Recently it occurred to me that it’s too late for me to make any life-long friends. I’m not sure why that seems significant, but it does. I was reading an article about George Clooney (of all people) and Cindy Crawford (ditto) who are, apparently, life-long friends. I thought how nice that was and how I didn’t have any of those and well, it’s too late now.
Part of this can be laid at the door of my parents (like so much, poor things). We moved often, and I went to a bunch of different schools, not because bill collectors were after us or anything, but because mum and dad genuinely seemed to like being in new places. And when I say “moved” I mean serious mileage, not just to the next town.
Max was my very first friend. He had white-blonde hair and for some reason we spent a lot of time pouring water from one container to another and getting soaked and loving it. We moved away from the small village where my family and Max’s family lived when I was about five years old.
My second friend was Linda Evans and, like us, she lived in London. We left London when I was about nine, leaving Linda behind. And even in this day of searching the net for old friends, a name like that is going to bring up hundreds of thousands of people, and of course she could be using a completely different name by now.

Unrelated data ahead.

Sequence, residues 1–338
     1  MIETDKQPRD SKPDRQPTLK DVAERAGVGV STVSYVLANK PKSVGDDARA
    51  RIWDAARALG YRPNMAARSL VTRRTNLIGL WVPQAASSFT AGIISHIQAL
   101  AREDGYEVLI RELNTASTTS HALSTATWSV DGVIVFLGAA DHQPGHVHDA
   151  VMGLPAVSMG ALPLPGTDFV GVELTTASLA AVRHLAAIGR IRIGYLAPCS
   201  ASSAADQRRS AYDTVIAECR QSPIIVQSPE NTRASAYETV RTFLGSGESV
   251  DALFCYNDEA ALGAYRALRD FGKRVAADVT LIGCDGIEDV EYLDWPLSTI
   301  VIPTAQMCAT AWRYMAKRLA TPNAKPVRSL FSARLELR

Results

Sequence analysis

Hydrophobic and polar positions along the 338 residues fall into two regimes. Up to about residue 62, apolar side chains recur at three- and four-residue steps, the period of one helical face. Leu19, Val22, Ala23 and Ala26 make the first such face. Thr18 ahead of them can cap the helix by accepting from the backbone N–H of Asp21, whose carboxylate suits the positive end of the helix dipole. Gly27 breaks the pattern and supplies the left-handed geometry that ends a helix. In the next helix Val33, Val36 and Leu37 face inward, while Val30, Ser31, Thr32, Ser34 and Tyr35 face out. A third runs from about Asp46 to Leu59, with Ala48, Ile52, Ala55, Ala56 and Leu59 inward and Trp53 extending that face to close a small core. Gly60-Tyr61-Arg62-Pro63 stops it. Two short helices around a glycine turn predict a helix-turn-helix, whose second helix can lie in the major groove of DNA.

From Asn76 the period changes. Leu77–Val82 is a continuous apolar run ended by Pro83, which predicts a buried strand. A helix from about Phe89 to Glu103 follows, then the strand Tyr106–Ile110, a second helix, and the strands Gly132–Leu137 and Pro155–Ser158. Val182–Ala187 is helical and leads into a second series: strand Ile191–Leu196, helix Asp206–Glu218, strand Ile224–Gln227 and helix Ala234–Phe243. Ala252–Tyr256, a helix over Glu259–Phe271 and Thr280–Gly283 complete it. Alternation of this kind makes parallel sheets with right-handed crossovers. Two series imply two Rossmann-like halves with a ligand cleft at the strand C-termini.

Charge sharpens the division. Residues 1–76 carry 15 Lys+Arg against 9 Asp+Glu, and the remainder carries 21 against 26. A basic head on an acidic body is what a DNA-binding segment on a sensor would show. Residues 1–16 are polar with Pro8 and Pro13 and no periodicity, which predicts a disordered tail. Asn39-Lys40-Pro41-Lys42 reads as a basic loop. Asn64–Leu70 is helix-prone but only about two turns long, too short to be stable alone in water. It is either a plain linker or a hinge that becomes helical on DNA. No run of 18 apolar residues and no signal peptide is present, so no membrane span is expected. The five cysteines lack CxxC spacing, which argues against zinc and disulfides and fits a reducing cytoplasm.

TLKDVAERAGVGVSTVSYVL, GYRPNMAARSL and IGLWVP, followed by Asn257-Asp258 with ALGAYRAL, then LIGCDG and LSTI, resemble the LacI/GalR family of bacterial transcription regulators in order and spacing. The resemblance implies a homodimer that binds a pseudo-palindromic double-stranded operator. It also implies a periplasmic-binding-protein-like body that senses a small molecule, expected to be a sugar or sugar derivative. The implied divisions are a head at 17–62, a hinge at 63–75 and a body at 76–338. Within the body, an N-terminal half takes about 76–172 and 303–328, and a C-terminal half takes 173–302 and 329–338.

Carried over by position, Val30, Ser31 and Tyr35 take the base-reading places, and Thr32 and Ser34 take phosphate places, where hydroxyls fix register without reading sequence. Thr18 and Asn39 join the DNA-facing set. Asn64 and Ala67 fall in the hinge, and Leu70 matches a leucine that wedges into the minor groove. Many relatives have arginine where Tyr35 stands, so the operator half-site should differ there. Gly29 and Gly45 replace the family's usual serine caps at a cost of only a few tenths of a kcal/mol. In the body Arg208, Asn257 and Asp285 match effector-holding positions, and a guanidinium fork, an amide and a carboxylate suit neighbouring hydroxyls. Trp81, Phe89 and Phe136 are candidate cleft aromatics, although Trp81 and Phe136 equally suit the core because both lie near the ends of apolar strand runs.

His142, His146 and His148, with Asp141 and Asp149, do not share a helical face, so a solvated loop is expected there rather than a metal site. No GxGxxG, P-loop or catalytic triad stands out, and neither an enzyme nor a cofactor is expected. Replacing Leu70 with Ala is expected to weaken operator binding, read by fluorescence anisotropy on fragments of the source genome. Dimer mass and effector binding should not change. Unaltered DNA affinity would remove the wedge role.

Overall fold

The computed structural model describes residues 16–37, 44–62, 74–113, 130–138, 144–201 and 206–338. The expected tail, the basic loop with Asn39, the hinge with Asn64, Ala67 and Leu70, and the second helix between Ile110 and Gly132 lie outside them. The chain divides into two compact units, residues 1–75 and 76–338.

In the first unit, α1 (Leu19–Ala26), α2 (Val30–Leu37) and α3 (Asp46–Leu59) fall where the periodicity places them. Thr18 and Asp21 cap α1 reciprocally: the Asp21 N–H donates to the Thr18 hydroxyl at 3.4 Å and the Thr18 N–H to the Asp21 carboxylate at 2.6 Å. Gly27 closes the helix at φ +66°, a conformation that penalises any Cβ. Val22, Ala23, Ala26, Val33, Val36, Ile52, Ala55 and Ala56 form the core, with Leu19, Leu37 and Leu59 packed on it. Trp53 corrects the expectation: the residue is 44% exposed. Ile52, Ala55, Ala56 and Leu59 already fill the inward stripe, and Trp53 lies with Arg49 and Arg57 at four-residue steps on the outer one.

One sort of life-long friend I still keep in touch with is Miriam Squires. We met when I was about nine years old and went to the same school for a couple of years. We both enjoyed writing and receiving letters and our friendship was maintained very long distance. She sort of counts as a life-long friend even though we haven’t been in each other’s lives in any direct or significant way. We’re Face Book friends now.
Other friends from that same time were David Marner, Colin Reevie and Michael Dove. (I had a ten-year-old girl crush on Michael.) They might have been life-long friends if we’d kept in touch.
Kathy, my best friend in high school, you’d expect to be a candidate for almost-life-long friend, but somehow we didn’t stay in touch after graduation, possibly because I went away to college and then my family moved (I kidded them about moving away in the dead of night to avoid me) and when I finished college I went to live with them rather than near our last home where Kathy still lived, 1,000 miles away.
Is there anything arbitrary about the life-long friend designation, do you think? Is a life-long friend like a car, which officially becomes a classic after twenty years? Or is it based on an important milestone: is a life-long friend someone who knew you when you learned to read, finished eighth grade, graduated from college, had your first job or got married?
I have to admit, although I’m not sure what I mean by it, a life-long friend seems a lovely and desirable thing.